Unreal Nature

June 28, 2017

The Activation of the Idling Picture

Filed under: Uncategorized — unrealnature @ 5:38 am

Barthes recognized the shape, the negative space, of absence, and sought the image to fill the space.

This is from The Photograph: A Strange Confined Space by Mary Price (1994):

… The concepts of absence, negative space, and the idling machine are all telling metaphors for an aspect of seeing. In the vocabulary of sight as well as in the vocabulary of literary criticism, the concept of “negative” is significant. Artists use the term negative space to mean the space between things where nothing is, between solid volumes, a space like the memory gap that holds a sufficiently precise outline so that none but the missing word will fill the gap. Only the exact shape of absence can be remarked. The boundaries of solids not only define the solids but define the space the solids exist in. If clouds in the sky are foregrounded in attention, the space visible between clouds is negative. One can learn to see negative space as shape.

The phrase “negative capability” was invented by Keats to mean a state “when man is capable of being in uncertainties. Mysteries, doubts, without any irritable reaching after fact & reason.” It is better, according to Keats, to reach for the “fine isolated verisimilitude caught from the Penetralium of mystery” than let that go in order to construct the whole, which in any case remains mysterious and unknowable.

[line break added] The “irritable reaching after fact & reason” is that necessity for completion, connection and generalization or abstraction that cannot be absolutely reconciled with the uncertainties and mystery of the individual and particular. The uncertainties of reality contrast with models constructed to correspond to reality. Models inevitably simplify. Keats is saying let the uncertainties, mysteries, and doubts remain.

In Roland Barthes’s peculiar search for the photograph that would recall his mother to him after her death, he rejected all of the apparently realistic photographs left from his knowledge of her lifetime. He chose, as the use he required of the picture taught him the meaning, that picture of his mother when she was five years old. This act of choice recalls Wittgenstein’s metaphor of a machine “idling” as a paradigm of potential movement from which the impulse or lever to start has not been activated.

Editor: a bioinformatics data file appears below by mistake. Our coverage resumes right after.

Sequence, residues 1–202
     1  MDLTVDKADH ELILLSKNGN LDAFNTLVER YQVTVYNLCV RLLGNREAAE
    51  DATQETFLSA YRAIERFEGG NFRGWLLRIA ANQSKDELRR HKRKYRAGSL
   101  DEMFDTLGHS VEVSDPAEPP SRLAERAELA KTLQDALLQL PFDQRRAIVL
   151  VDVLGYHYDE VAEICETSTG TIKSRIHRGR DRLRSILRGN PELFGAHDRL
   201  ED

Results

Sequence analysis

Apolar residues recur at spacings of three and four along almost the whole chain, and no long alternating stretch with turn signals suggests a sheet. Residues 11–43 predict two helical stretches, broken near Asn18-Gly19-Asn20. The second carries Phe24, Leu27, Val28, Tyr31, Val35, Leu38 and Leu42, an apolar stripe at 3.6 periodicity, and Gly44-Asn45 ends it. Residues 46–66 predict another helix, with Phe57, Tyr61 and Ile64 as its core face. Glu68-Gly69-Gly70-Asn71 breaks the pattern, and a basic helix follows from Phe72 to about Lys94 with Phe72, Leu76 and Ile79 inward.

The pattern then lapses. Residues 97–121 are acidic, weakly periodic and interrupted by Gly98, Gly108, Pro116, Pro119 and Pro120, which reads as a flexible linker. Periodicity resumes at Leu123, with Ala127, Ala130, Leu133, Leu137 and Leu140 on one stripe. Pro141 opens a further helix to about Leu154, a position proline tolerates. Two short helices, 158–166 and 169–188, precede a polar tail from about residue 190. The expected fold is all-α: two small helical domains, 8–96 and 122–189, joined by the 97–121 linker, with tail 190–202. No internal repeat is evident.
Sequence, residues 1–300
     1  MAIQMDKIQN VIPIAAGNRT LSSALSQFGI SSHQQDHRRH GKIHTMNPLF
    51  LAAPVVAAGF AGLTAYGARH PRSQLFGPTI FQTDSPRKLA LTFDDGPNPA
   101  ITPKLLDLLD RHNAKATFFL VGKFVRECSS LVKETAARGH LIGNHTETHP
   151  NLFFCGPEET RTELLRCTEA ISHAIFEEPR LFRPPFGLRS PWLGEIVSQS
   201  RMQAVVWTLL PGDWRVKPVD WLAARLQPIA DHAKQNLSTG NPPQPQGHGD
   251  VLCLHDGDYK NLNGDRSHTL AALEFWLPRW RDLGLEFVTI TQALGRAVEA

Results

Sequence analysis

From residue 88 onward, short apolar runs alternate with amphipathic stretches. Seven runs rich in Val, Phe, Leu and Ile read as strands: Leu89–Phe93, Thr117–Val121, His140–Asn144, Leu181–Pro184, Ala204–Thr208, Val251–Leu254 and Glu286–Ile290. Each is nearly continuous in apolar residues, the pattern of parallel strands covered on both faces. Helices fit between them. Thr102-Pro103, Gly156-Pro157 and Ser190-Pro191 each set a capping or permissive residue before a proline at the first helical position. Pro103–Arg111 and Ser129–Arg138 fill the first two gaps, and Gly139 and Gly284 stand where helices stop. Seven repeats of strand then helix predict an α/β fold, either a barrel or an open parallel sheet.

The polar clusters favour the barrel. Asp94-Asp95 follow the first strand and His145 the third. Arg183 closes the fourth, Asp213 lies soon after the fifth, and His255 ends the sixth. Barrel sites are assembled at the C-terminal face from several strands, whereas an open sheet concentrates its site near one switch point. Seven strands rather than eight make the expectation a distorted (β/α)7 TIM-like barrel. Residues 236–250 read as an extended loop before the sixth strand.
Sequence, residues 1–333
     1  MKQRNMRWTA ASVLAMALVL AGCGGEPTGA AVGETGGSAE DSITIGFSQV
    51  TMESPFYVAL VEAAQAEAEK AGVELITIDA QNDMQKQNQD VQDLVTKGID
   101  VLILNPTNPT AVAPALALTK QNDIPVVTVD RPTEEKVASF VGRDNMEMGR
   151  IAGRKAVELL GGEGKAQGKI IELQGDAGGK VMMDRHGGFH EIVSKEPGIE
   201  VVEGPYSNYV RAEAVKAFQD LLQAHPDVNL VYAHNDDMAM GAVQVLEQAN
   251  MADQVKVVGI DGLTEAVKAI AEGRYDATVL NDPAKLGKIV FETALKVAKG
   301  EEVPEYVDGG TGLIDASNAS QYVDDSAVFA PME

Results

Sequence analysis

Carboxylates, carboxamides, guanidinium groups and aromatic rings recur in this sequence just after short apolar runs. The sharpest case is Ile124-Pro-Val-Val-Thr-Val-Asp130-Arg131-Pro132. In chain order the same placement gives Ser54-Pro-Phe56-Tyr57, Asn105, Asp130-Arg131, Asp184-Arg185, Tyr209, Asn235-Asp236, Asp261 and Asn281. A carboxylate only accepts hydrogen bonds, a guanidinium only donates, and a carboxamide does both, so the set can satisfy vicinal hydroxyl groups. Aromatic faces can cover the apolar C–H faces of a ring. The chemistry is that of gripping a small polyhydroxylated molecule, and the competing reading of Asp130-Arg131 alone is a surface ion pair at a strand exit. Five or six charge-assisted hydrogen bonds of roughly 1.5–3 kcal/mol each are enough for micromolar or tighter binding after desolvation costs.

[line break added] Barthes’s search is an instance of the engine idling until the one picture activates the full flood of feeling and memory. Barthes recognized the shape, the negative space, of absence, and sought the image to fill the space. It is a sign of our times that Barthes looked for a photograph. Beyond the fact that many photographs of his mother existed, he sought the verification of her being that only a photograph could give him. He wanted something beyond “simple resemblance,” something only he could provide and the existence or effect of which he could never prove.

[line break added] The evidence was the authentication of her existence. For Barthes the point was of crucial importance. The something beyond “simple resemblance” was the aura without its object. The activation of the idling picture within his own startled attention could not be foreseen. He did not know for what he was looking, until one among the photographs he examined could give it to him.

My most recent previous post from Price’s book is here.

-Julie

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